District getting more state aid
School aid has been redistributed to districts throughout New York as a result of the enacted state budget, and Clarence is slated to receive $111,000 more than originally forecast.
Superintendent Geoffrey Hicks said the amount is close to what the district anticipated as part of an expected reallotment of close to $200 million of the state’s $250 million pool allocated for incentive based aid.
When the board settled on its tax levy limit during its March 24 budget meeting, it indicated that additional funds from the state should be used to reduce the appropriated fund balance, or surplus, for next year.
The budget proposal includes about $5 million to be taken from the surplus, an amount that won’t be sustainable in the future, said Hicks.
However, the budget was based on the expectation that a minimum of four teacher retirements would occur, equaling about $200,000 in reduced expenses, said Hicks. Only two teacher retirements were filed by the deadline on Monday, leaving the district with a $100,000 shortfall.
Hicks said the district may use the $111,000 to close the gap or in some other way. The Board of Education is expected to make a decision by the time it adopts a budget on April 16.
While teachers can retire at any time, they must give the district adequate notice in order to access benefits in their contract, such as the ability to trade in unused sick time, making it unlikely that retirements will be filed post-deadline, said Hicks.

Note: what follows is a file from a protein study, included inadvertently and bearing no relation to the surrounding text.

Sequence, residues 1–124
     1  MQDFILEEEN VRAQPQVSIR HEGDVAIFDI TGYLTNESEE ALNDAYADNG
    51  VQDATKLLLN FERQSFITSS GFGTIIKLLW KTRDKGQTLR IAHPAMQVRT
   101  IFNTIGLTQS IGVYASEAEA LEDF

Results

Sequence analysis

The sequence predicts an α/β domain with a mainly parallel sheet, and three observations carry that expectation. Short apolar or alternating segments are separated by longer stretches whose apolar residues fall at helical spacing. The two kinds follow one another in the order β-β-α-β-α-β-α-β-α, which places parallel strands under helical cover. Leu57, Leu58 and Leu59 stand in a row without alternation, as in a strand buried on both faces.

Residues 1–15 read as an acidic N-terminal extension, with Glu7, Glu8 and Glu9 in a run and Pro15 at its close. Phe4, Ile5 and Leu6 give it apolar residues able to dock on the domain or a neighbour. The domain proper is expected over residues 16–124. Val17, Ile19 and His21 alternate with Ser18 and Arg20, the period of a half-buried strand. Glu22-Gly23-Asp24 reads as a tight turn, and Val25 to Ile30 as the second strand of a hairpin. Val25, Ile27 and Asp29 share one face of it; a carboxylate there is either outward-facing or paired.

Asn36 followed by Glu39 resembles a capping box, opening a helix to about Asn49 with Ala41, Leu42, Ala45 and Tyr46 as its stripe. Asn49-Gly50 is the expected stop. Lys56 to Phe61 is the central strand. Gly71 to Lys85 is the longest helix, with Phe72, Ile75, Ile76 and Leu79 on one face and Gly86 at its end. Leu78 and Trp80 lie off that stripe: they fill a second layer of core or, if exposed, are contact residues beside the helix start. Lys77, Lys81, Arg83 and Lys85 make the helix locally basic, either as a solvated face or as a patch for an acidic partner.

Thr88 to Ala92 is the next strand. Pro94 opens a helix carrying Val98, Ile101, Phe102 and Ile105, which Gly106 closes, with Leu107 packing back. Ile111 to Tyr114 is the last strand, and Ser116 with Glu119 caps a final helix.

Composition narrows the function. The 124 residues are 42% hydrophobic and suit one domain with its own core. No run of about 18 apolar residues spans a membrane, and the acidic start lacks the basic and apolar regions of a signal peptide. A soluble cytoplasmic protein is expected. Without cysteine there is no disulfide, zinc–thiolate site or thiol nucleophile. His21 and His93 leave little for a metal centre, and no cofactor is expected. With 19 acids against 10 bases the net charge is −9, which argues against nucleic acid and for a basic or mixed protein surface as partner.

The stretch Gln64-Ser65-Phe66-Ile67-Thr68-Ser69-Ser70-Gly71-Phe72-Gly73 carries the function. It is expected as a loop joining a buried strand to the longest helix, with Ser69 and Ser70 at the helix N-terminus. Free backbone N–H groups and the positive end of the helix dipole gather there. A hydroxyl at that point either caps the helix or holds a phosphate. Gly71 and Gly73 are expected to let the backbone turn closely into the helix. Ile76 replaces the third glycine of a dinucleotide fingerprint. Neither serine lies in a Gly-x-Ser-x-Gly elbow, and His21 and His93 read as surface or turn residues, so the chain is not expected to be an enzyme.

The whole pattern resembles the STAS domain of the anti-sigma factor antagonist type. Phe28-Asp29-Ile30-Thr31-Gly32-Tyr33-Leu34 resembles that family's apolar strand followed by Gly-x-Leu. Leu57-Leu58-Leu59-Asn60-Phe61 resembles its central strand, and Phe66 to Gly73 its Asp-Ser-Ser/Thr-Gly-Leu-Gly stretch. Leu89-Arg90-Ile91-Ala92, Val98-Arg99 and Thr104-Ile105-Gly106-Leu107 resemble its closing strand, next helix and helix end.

The incentive-based aid pool still contains $50 million. The requirements for obtaining those funds are still being fleshed out, and there is no clear timeline of when the state will make that decision, said Hicks.
Requirements are often issued just weeks before the monies are distributed.
“We’ll have to hustle,” he said.
Because Clarence is a high-performing district it may be ineligible for some of the money.
There are two kinds of grants: those for academic performance and those for financial efficiencies, he said.
The Clarence district has taken steps toward greater efficiency by such actions as sharing the buildings and grounds and transportation supervisors with the Akron school district and an energy audit.
“We will be able to apply, but sometimes grant money is pushed toward very high-need districts,” he said, adding that this wasn’t a criticism, just a statement of fact.